Young Singaporeans Who are Thinking of Signing Up For UOB’s New YOLO Credit Card Need to Read This First

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We here at MoneySmart aren’t the sort to be swayed by marketing. That’s why we’re saying that in spite of the provocative branding of UOB’s YOLO credit card, targeted at millennials, we still think it’s a pretty solid card.

For one thing, you get a whopping 8% rebate on weekend dining and entertainment, and 3% rebate on weekday dining, entertainment and online fashion and travel buys, subject to spending at least $600 per month.

You and a +1 also get free entry to Kyo, 1-for-1 pure blonde beers and burgers at Overeasy on Fridays and Saturdays and buy-3-get-4 tickets at Golden Village cinemas.

That being said, given that Singaporeans aren’t exactly known for their conservative spending habits, here is a shoutout to the young people who are seduced by the prospect of going on a plastic swiping spree (because YOLO) to sit back and let the following sink into their brains before taking this card to town.

 

You don’t need to spend tons of money in order to “live”

Since you only live once, that means you should spend all your money in this life, or else you’re not living, right?

While fans of the phrase YOLO might equate being careless with your money as a sign that you’re really living it up without a care in the world, what this really reflects is the high level of materialism in Singapore and our sad mentality that you have to live the high life to be comfortable.

Seizing the day should mean making the effort to spend time with the people you love, engaging in activities and a career that reflect your interests and taking the time to appreciate the world around you.

It does not mean buying tons of catwalk-worthy clothes, toting around ridiculously expensive handbags, constantly pampering yourself with luxury or eating at all the hottest restaurants. If that’s what you think living is about, that’s pretty sad.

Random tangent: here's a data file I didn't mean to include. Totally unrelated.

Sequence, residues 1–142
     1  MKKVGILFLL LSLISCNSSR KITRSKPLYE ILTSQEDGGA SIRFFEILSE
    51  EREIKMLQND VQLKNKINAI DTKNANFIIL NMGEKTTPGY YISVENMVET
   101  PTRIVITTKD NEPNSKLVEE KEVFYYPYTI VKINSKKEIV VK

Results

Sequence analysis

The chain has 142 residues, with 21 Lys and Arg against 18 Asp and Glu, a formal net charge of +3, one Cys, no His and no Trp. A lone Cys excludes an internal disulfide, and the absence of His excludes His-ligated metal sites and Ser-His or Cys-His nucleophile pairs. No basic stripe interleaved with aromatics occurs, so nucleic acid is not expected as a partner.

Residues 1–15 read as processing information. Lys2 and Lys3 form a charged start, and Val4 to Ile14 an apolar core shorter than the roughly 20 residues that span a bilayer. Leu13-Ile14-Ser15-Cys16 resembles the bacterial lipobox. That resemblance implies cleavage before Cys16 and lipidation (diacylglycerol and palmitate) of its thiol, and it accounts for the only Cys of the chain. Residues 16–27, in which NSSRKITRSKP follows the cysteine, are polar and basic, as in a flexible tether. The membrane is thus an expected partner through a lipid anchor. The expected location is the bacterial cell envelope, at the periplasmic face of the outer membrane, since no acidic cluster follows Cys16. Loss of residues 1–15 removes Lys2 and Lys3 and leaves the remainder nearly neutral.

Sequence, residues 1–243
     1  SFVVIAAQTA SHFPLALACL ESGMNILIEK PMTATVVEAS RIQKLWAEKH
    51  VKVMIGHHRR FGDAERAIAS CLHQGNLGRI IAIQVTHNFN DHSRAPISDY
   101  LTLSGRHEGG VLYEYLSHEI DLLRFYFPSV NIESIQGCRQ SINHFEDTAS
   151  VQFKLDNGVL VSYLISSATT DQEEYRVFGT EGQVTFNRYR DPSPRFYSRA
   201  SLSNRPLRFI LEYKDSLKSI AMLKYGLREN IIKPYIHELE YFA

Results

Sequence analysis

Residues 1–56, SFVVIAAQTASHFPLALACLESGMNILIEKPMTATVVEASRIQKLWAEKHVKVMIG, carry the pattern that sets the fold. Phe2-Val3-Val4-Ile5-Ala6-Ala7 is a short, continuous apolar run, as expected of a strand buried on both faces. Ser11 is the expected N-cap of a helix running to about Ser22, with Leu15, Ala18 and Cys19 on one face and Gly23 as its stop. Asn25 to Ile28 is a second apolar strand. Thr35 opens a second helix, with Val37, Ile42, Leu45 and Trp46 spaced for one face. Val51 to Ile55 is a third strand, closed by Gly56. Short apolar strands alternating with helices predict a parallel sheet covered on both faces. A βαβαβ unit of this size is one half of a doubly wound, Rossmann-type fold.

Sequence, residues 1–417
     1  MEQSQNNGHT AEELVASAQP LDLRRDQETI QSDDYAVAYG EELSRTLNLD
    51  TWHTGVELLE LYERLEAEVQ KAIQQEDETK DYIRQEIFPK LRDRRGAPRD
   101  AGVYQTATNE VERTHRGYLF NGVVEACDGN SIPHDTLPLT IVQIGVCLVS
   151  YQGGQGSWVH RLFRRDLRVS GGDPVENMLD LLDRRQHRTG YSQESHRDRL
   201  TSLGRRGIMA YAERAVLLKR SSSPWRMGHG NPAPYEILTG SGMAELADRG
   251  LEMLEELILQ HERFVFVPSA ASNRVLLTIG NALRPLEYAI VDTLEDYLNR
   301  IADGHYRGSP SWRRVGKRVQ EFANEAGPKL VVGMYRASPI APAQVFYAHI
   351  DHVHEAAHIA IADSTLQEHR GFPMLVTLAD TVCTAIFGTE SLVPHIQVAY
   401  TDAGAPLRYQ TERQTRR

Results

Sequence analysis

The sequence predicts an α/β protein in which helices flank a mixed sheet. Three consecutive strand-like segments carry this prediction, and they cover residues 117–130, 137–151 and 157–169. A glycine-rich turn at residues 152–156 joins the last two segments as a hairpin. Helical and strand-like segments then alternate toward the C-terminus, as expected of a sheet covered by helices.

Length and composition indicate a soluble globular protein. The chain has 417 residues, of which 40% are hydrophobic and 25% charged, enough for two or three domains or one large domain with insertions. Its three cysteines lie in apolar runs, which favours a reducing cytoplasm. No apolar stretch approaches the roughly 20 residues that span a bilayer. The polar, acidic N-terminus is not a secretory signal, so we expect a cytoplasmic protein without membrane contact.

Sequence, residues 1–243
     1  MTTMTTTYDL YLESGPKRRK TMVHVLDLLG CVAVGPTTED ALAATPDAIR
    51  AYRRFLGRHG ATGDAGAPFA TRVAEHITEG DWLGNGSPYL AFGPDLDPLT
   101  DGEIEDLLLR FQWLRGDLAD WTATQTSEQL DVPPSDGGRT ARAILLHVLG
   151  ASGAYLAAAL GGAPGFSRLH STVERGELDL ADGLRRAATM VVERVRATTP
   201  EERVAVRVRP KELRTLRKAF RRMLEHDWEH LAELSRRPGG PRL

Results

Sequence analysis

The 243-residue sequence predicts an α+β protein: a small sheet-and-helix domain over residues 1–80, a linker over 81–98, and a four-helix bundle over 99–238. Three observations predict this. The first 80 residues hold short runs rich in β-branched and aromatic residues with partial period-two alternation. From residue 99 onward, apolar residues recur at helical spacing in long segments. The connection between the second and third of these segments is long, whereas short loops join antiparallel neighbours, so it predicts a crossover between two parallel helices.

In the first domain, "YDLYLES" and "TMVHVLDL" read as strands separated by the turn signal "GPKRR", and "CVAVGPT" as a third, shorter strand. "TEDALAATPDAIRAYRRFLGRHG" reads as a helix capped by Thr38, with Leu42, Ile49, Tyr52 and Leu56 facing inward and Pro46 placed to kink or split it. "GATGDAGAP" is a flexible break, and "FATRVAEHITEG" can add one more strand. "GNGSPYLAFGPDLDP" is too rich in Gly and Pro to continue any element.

Thinking about today only, not tomorrow is a recipe for disaster

YOLO is an exhortation to live in the present, but we hope young people signing up for the YOLO card aren’t going to take this as a sign they should spend with abandon and then worry about paying their bills later.

Credit cards like the YOLO card are great if you use them wildly. If you pay off your bills in full each month, you’ll be able to benefit from the perks.

Conversely, if you overspend on your credit card and fail to pay your bills in full, you could find yourself in a downward spiral of debt. This is more common in Singapore than you might think—just ask these people.

Living in the present isn’t about not bothering to be responsible. It’s about enjoying to the fullest everything that’s within your means to experience, instead of craving what you can’t afford. So go ahead, use your YOLO card to enjoy that restaurant meal, but don’t overdo it and think you can eat caviar on your coffee breaks..

 

Youth does not equal irresponsibility

It’s pretty obvious the YOLO card wasn’t targeted at senior citizens or middle-aged parents—YOLO is the battle cry of millennials, and if you were born before 1980, go clean your dentures grandpa.

The problem is that people tend to use YOLO as an excuse for doing spectacularly dumb things—whether it’s dangling off the ledge of the 80th floor of a building so you can take a selfie, swallowing a coin because someone dared you to or merrily swiping your credit card even though you’re already in debt.

We’re not going to get all boring on you and warn you about the consequences of getting into debt you have no way of paying off, as we’re sure you’ve heard enough already about being harassed by debt collectors and going bankrupt.

And we’re surely not about to tell you you need to start living like a monk, shaving your head and refusing to spend a single cent so you can one day reach enlightenment.

But know this—splurging on your credit cards when you can’t afford to is going to result in a lot of stress for yourself when the debt collectors come calling. That stress is going to ruin the quality of your life while you’re still young.

Picture this: you’re watching anime at home on your computer when a lawyer’s letter threatening bankruptcy if you don’t pay up arrives on your doorstep. You’re having coffee with a friend when your phone rings, and it’s debt collectors from the bank threatening to make you bankrupt.

These things aren’t going to happen when you’re old and decrepit—they could happen in a matter of months if you really let loose with your spending. Now, that doesn’t sound like a great way to make the most of your youth, does it?

So sign up for the UOB YOLO card—it’s a great card in the right hands. But make sure you use it smartly.

What do you think of UOB’s new YOLO card? Tell us in the comments!

In my previous life, I was a property lawyer who spent most of my time struggling to get out of bed or stuck in peak hour traffic. These days, as a freelance commercial writer, I work in bed, on the beach, in parks and at cafes, all while being really frugal. I like helping other people save money so they can stop living lives they don't like.